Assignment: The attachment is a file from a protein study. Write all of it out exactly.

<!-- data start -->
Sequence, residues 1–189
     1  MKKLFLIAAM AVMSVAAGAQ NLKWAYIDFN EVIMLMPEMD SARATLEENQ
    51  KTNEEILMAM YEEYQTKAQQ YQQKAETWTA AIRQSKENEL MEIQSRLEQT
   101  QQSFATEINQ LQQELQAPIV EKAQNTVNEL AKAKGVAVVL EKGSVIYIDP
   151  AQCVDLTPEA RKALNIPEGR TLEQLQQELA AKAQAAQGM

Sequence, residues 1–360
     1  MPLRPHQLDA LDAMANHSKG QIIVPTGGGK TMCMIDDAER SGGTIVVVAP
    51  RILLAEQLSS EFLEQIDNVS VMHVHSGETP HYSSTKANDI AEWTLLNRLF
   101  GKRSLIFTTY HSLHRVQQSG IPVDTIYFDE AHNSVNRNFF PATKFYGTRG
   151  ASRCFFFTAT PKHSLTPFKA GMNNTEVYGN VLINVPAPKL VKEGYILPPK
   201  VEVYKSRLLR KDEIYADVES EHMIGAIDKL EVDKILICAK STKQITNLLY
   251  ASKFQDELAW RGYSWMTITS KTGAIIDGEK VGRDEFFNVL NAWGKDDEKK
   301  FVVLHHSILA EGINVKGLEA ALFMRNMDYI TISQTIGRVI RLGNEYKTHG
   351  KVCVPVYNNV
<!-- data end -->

Sequence, residues 1–189
     1  MKKLFLIAAM AVMSVAAGAQ NLKWAYIDFN EVIMLMPEMD SARATLEENQ
    51  KTNEEILMAM YEEYQTKAQQ YQQKAETWTA AIRQSKENEL MEIQSRLEQT
   101  QQSFATEINQ LQQELQAPIV EKAQNTVNEL AKAKGVAVVL EKGSVIYIDP
   151  AQCVDLTPEA RKALNIPEGR TLEQLQQELA AKAQAAQGM

Sequence, residues 1–360
     1  MPLRPHQLDA LDAMANHSKG QIIVPTGGGK TMCMIDDAER SGGTIVVVAP
    51  RILLAEQLSS EFLEQIDNVS VMHVHSGETP HYSSTKANDI AEWTLLNRLF
   101  GKRSLIFTTY HSLHRVQQSG IPVDTIYFDE AHNSVNRNFF PATKFYGTRG
   151  ASRCFFFTAT PKHSLTPFKA GMNNTEVYGN VLINVPAPKL VKEGYILPPK
   201  VEVYKSRLLR KDEIYADVES EHMIGAIDKL EVDKILICAK STKQITNLLY
   251  ASKFQDELAW RGYSWMTITS KTGAIIDGEK VGRDEFFNVL NAWGKDDEKK
   301  FVVLHHSILA EGINVKGLEA ALFMRNMDYI TISQTIGRVI RLGNEYKTHG
   351  KVCVPVYNNV